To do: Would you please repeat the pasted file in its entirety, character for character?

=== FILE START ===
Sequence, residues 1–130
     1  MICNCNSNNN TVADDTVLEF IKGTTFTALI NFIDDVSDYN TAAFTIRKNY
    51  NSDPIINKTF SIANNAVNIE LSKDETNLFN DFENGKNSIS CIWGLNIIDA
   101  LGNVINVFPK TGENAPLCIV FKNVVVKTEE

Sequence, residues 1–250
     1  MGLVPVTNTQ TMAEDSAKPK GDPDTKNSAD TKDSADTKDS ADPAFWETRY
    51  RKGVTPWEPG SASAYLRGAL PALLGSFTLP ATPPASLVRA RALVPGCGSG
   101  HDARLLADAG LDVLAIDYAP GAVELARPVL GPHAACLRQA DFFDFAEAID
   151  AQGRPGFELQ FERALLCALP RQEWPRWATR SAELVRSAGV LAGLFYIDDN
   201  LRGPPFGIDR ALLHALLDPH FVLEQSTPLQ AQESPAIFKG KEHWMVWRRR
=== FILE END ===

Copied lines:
Sequence, residues 1–130
     1  MICNCNSNNN TVADDTVLEF IKGTTFTALI NFIDDVSDYN TAAFTIRKNY
    51  NSDPIINKTF SIANNAVNIE LSKDETNLFN DFENGKNSIS CIWGLNIIDA
   101  LGNVINVFPK TGENAPLCIV FKNVVVKTEE

Sequence, residues 1–250
     1  MGLVPVTNTQ TMAEDSAKPK GDPDTKNSAD TKDSADTKDS ADPAFWETRY
    51  RKGVTPWEPG SASAYLRGAL PALLGSFTLP ATPPASLVRA RALVPGCGSG
   101  HDARLLADAG LDVLAIDYAP GAVELARPVL GPHAACLRQA DFFDFAEAID
   151  AQGRPGFELQ FERALLCALP RQEWPRWATR SAELVRSAGV LAGLFYIDDN
   201  LRGPPFGIDR ALLHALLDPH FVLEQSTPLQ AQESPAIFKG KEHWMVWRRR